Youthful sweethearts separated by the parents of the aristocratic heroine cross paths after 10 years of heartbreak.
One of the Trewlove siblings raised in the slums of London (When a Duke Loves a Woman, 2018, etc.), Finn has been building a ritzy women’s gambling club (a far cry from his first job as a horse slaughterer). His ambition is partly an attempt to avenge being betrayed by his first love and lover, Lady Lavinia Kent. So when he encounters her without any wealthy finery, living with nuns in shabby Whitechapel and rescuing illegitimate children dumped in unscrupulous “baby farms,” he is suspicious. Having once been thrown in prison when he was expecting to elope with her, he struggles to reconcile her present self with his belief that she was a callous rich girl. Lavinia has mourned her lost innocence after having seemingly been deserted by Finn and left to the mercies of an uncaring family. As an adult, she has finally fled from her socially acceptable fiance and dedicated herself to saving orphans—for a reason most readers can guess, thanks to the prologue. The novel’s soap opera–style misunderstanding makes the reader fear that this will be a needlessly prolonged plot that could have been shortened by one honest conversation between the protagonists. Fortunately, they confront each other early in the novel and realize that their past anger needs to be directed at other parties, not each other. Much of the remaining story explores the possibility of a happy-ever-after when the memories of a once-passionate attachment have been dulled by worldly griefs.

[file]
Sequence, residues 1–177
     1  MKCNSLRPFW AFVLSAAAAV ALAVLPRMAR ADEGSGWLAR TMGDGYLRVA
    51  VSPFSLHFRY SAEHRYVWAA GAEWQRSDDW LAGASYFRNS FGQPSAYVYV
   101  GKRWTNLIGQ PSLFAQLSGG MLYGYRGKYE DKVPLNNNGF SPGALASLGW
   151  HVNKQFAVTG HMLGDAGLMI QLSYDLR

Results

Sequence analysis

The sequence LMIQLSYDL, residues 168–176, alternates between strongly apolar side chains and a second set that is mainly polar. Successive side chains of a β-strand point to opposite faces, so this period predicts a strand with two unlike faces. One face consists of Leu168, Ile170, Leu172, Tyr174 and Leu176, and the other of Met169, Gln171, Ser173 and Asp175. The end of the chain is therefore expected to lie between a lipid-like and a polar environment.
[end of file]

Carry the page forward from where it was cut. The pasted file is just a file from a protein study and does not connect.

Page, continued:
Recommended for readers looking for a romance about second chances. A strong addition to the Sins for All Seasons series.